I am moved by Lady Percy 's expression of love. CLICK HERE - see if you agree.
Otherwise my novels, short stories, verse, family, music, memories, vulgar interests, detestations,
responses, apologies. I hold posts to 300 words* having found less is better than more.
I re-comment on comments and re-re-re-comment on re-re-comments.
* One exception: short stories.

Tuesday, 20 May 2014

A Northern despatch


Lister's Mill, Bradford. Local legend said you could drive a coach and pair round the chimney top. Few tried.


West Riding strange
Short story, 982 words


Gladys’s mother turned at the door: “I’ll say good-night to you both.”

I bid her good-night.

“Night, mum,” Gladys called from the kitchen.

The door closed behind Mrs Baxter. I said, “Was your mother’s ‘you both’ significant?”

Gladys came in from the kitchen casually holding a tea-towel, she being too magnificent for such an accessory.  “I’m thirty-one. My mother thinks I'm near dead as a woman. She’d match me with the milkman. Not that he isn’t ruddy-cheeked; not that he hasn’t got designs.”

“Ruddy-cheeked? Better looking?”

“Than you? No.”

A judgment delivered dismissively. But then Gladys could do that.

I asked, “Is that your mother’s opinion?”

“This week she asked about the age difference between you and me. Could it be overlooked? I kidded her; said you were already doing that.”

An unlikely image arose; she statuesque on my arm, walking down the aisle of a Noncomformist church in, say, Wyke. The image faded. Out of pure mischief she might take that walk. What was unlikely was the sequel.

She tossed the tea-towel into the kitchen, let it fall where it might. “All that walking. I’m knackered. And for no great reward. I was out of place along the canal towpath.”

“It was the towpath that was out of place."

She smiled. “Clever with your la-di-dahs.”

“You inspire me. Why not stretch out on the couch.”

“I might doze off,” she said.

“No you won’t.” I said. “I’ll see to that.”

She liked me to be ambiguous; hated direct references to her looks. As a reward she sat on the couch and tucked up her feet.

I said, “Can I slide this chair nearer? Your hair fascinates me, always has. I need to work out how you do it.”

“You’ve had plenty of time. All those bus trips up from Forster Square. Peering like a schoolboy.”

“I’ve never been this close.”

She turned her head from side to side to show the arrangement. Said, “I could never understand why it took you so long to ask. It’s not as if you haven’t the gift of the gab.”

“I think you’re a looker, you don’t. But there’s a point where your sort of looks go contrary and become forbidding.” She opened her mouth but I was ahead. “Ironically you’re not remote. You just hate being bored.”

She nodded and had the hair to do it well - as high as the crown the Queen wore for her coronation. Tall yet dignified.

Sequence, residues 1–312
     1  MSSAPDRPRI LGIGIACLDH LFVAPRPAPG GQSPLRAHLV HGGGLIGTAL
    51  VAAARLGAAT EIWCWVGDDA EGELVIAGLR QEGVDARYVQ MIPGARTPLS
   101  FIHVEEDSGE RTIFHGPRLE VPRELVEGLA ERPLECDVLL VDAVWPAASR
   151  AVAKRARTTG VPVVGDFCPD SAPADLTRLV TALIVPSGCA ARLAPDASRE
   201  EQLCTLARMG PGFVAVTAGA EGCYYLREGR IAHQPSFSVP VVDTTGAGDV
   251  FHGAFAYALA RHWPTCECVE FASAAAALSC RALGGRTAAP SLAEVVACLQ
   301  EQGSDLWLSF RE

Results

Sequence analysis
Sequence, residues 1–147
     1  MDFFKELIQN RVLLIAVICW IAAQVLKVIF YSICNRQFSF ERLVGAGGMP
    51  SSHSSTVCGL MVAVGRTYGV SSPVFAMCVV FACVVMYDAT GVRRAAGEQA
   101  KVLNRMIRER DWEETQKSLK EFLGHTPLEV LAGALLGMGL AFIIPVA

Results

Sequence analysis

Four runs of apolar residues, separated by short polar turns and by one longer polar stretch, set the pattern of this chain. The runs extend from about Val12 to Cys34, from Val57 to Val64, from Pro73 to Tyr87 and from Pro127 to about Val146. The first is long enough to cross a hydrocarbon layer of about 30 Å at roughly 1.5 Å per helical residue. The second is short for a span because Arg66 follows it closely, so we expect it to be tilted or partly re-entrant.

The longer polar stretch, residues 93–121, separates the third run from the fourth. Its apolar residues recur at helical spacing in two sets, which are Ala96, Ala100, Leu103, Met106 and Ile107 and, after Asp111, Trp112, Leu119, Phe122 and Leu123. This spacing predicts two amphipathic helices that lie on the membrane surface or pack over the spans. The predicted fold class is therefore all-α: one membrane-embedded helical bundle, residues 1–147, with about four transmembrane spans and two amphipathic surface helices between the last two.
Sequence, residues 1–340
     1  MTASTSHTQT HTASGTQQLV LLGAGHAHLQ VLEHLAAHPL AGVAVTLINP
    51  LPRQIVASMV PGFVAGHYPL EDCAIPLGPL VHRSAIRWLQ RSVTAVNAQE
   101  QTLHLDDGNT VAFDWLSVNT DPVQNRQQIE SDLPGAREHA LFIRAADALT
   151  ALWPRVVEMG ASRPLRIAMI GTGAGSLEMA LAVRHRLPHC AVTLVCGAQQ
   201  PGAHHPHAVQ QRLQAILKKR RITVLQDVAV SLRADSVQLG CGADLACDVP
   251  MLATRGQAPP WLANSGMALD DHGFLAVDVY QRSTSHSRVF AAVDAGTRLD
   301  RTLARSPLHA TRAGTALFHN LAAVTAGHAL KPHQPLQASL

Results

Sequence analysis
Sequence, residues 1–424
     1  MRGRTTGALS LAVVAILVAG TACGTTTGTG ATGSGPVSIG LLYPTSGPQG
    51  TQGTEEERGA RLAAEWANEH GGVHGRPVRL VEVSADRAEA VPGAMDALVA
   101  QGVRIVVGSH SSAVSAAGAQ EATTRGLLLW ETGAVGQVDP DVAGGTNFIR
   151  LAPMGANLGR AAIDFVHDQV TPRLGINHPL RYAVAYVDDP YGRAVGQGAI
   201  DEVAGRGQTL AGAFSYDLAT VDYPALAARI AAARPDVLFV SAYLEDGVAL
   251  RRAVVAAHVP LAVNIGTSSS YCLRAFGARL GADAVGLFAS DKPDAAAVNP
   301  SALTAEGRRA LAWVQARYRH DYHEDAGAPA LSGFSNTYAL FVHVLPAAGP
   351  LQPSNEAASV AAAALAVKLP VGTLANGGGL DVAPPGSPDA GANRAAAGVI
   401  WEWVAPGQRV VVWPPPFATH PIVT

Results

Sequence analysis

“Have you worked out how?” she asked.

“I might have. Your hair’s pretty long; you probably let it down in the evening. Too spiffy for a solicitor’s office, hence the upsweep. But there’s none of those tight plaits German women used to go in for. You brush it as a vertical column, give it two loose twists, then coil it using pins.”

“One partner said it was too seductive. Having it long.” she said, po-faced.

“Not surprised. Might pervert the cause of justice. It took time to realise you use a very fine net. Even more surprising, the net itself – or rather, its effect – is also stunning.”

“Really!” Her eyebrows rose.

“A reassurance. That the hairdo will survive.”

“You’ve earned yourself a finger-tip tour.” She took my hand and touched it against the side of her head. “You may be surprised.”

“It’s so thick, so springy.”

We were alarmingly close, I could feel her breath. “You consider yourself intelligent,” she murmured. “You’re only inches away. Ask me something else.”

“That pale pink lipstick.”

“Any idea why?”

It was a privilege to be so close. “The shape of your lips. Too much colour and you’d be gilding the lily.”

“Congratulations. But there’s one other question. An oddity.”

Giving me licence to rove the contours. The heavy bones and square chin she so detested, the earlobes with their tiny studs “I’ve always thought…” I broke off, not wanting to find fault.

“Go on. You’re on t’ right track.”

“A lot of make-up?”

She squeezed my hand. “How clever. The price I pay for being brought up close to Lister’s Mill. Underneath, my complexion isn’t anything to boast about.”

“You didn’t have to tell me.”

“I did.”

“But why?”

“Your last opportunity to show how clever you are.”

It wasn’t a mocking smile – my first reaction - it was an expression  of affection. I moved fractionally nearer; her lips parted, her head tilted back. I drew away and bowed down.

“Nay then,” she whispered, slipping back into Bradfordian.

“I’ve teased, played the joker, tried to be what you want. But I’m still one of the extras, no star.”

She raised my chin. “You remember seeing me on the bus? Of course you do. Always on the upper deck. Pretty horrible up there, it’s where the smokers went. My mother told me to stop smoking, it made me look like a man. My knobbly face. She made me cry and I don’t often do that.”

I could smell her perfume, I touched her hair again, knowing I was entitled to that, at least.

“It’s not knobbly,” I said.

“Then what is it?”

“Strong. Capable. The way women need to be in the West Riding. Noble even.”

We both straightened up, apart now. She smiled lopsidedly. “There are admirers;  most irritate me. They can’t choose their words. I’m not beautiful, certainly not pretty. Perhaps I’m sexy but that’s a condition, not a description. Only you tried.”